Pathfinder residents get major-league instruction

Former Montreal pitcher David Palmer and a group of Pathfinder residents and employees cheer on an unidentified resident at a skills clinic Sunday, Aug. 15, at Cooperstown’s Doubleday Field. (Greg Klein/

Pathfinder residents get
major-league instruction

By Greg Klein • Special to
COOPERSTOWN — About 75 residents of Pathfinder Village got to play on their own field of dreams Sunday, Aug. 15, as they received instruction from former major league players at Doubleday Field.
“This is just unbelievable,” said Pathfinder President/CEO Paul Landers.
“There’s a lot of happy faces here today, a lot of lifetime memories,” said former MLB player and manager Clint Hurdle, who is an advisor for Baseball Miracles.
The event took form over the summer as Baseball Miracles, a nonprofit group dedicated to bringing baseball to “underserved communities around the world,” contacted the National Baseball Hall of Fame and Museum and asked if it would be possible to hold an event in Cooperstown.

Sunday’s event featured six former MLB players and about 75 residents of Pathfinder Village in Edmeston. (Greg Klein/
According to Hall officials, they connected Hurdle and Baseball Miracles with Pathfinder, the Edmeston home for children and adults with Down syndrome and other developmental disabilities, as well as local doctor Joseph Dutkowsky, a Cooperstown surgeon who specializes “in the care of children disabled from cerebral palsy, spina bifida, Down syndrome and other afflictions,” according to a New York Times feature.
Sunday, Dutkowsky, local officials and clergy, and Pathfinder officials and helpers looked on as the adult residents rotated through six stations and a photo tent for about 90 minutes of thrills. Helping them were former players David Palmer, Tom Carroll, Dave LaPointe, Dickie Noles and Gary Holle, as well as Hurdle, who played for the Royals, Reds, Mets, Cardinals and Mets, again, and managed Colorado for nearly a decade and Pittsburgh for most of another decade, until 2019.
“We have a lot of people here that most people don’t give a second thought,” Dutkowsky said, “but here they are playing with the elites. You’ve got a guy on this field today who threw a no-hitter in David Palmer for the Expos. You’ve got three guys with World Series rings, including Tom Carroll, who got his throwing to Johnny Bench. You’ve got a guy like Clint Hurdle who managed two major league teams. And they are all here today volunteering their time, teaching and making memories. It doesn’t get any better than this.”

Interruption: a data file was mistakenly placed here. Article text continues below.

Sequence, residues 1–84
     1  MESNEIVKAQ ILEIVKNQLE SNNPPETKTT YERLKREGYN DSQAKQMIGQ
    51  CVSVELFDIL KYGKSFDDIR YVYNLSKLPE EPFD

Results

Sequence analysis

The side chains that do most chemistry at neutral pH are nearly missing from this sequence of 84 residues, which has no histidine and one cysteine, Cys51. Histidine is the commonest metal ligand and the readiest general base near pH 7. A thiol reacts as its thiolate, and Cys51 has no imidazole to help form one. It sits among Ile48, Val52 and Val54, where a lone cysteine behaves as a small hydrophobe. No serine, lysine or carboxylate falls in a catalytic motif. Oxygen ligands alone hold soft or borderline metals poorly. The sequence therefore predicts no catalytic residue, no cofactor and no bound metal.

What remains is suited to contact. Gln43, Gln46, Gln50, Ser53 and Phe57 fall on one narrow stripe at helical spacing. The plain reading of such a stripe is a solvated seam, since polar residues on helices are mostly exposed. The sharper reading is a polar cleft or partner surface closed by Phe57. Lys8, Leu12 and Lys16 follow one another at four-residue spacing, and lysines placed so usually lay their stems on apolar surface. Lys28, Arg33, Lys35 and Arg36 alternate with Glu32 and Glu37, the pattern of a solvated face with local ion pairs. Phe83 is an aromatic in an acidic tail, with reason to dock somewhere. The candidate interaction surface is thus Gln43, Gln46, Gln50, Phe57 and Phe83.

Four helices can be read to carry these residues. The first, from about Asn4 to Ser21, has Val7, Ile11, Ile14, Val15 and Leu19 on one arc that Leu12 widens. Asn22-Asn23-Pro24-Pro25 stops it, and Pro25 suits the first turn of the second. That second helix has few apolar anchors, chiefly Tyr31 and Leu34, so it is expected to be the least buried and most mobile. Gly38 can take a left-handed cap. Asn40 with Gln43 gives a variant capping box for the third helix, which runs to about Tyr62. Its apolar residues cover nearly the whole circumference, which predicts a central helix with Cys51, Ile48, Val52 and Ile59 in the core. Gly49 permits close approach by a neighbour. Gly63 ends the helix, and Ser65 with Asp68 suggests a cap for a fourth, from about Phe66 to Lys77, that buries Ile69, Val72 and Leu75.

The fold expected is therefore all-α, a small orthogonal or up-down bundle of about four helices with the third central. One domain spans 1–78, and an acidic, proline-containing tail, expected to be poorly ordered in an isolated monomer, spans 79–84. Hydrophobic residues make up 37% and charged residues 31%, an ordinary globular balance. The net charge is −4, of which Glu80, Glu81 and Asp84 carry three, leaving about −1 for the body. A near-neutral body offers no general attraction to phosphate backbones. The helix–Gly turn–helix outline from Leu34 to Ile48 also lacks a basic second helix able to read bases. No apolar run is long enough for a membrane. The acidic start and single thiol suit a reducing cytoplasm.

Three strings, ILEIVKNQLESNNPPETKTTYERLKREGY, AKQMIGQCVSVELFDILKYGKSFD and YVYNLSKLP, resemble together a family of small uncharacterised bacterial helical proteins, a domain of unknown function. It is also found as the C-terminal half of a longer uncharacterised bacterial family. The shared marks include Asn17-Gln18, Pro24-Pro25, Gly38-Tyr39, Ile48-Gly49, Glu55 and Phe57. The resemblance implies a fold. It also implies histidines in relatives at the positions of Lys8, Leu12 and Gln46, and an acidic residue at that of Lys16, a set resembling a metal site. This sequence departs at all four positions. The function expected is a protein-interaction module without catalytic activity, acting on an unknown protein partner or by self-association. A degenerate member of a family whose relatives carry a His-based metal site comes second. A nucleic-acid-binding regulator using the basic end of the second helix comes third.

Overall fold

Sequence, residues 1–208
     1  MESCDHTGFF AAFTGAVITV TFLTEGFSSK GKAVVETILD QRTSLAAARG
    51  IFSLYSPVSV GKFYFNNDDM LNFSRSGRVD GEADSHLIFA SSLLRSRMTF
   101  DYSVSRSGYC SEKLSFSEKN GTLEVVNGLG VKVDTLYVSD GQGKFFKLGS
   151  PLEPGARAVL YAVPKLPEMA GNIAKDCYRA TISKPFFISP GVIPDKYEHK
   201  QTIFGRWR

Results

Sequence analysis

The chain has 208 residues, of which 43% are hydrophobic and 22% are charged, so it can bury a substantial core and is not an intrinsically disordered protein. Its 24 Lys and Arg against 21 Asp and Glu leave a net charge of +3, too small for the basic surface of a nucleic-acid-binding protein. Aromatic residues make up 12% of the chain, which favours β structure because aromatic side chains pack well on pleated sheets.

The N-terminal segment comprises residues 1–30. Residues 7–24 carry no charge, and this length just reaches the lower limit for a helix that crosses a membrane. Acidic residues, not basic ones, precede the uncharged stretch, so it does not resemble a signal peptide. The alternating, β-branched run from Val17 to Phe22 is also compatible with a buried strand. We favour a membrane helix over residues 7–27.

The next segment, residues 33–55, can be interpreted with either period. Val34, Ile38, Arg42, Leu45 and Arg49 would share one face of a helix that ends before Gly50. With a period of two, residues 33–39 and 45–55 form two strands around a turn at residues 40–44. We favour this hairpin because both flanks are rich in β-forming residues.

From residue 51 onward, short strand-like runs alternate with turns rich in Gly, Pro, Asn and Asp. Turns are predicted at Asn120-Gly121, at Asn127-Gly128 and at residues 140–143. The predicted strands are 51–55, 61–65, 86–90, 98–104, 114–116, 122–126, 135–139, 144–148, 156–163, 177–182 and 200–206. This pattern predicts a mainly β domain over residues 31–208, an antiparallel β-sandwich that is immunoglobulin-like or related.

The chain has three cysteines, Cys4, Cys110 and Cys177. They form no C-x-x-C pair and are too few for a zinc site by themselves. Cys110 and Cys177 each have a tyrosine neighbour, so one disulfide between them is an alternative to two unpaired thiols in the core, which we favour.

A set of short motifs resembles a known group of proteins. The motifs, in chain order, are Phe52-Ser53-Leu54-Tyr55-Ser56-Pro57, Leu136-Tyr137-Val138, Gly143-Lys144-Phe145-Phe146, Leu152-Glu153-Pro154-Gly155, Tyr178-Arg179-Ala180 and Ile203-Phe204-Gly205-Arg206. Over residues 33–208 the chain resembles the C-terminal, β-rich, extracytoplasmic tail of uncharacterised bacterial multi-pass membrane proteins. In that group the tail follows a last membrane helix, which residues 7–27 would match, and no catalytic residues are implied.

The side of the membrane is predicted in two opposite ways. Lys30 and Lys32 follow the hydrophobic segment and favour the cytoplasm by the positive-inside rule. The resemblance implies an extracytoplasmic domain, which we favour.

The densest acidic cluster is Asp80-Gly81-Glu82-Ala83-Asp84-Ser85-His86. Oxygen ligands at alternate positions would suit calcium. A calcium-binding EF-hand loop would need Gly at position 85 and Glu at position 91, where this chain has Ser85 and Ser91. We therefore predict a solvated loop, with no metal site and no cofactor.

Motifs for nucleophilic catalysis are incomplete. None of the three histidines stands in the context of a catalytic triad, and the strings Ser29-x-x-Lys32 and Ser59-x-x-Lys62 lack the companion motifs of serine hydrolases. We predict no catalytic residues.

Dutkowsky, who also works with Columbia University in New York City, said he had already been aware of Baseball Miracles before the Hall made the connections this year. He said he always thought about bringing the group here once he saw a similar program with the ballet.
“I said, ‘I live in Cooperstown, New York. If they can do this with the New York City Ballet, why can’t we do it with baseball?'”
The Hall already partners with Pathfinder on an annual golf fundraiser Labor Day Weekend that includes an annual visit by a Hall of Fame player to Pathfinder Village for a tour and kickball game with the residents. Multiple people agreed Sunday at Doubleday was like a kickball game times six.
“We will talk about this for years,” said Monica Clark, a developmental assistant at Pathfinder. “We have a Hall of Famer come for our golf tournament every year and they still talk about that. Now they have this to talk about forever, until the next thing happens.”
Baseball Miracles provided the Pathfinder residents with their own baseball caps and jerseys. The jerseys not only had the Baseball Miracles logo on them, but they said Cooperstown across the front and had the residents’ last names on the back. The trip to the photo station will lead to baseball cards of their own for each resident, too.
For the Hall, once the connection was made, it was more an event to enjoy than direct, a stark change from normal induction-season activities. However, watching the joyful faces Sunday, Hall of Fame Vice President of Communications and Education Jon Shestakofsky said the event made him think of the essence of baseball.
“From my perspective, this event embodies the possibility of baseball to do good and bring people together,” he said, “regardless of where they are from or what their situation is. Baseball has a way of bringing people together and that is what we celebrate at the Hall of fame.”
The residents’ abilities varied but many of them impressed their instructors. Sometimes verbally and sometimes through expression, they said they enjoyed the day, too.
“I love Baseball Miracles,” said one resident. “They are a great team.”
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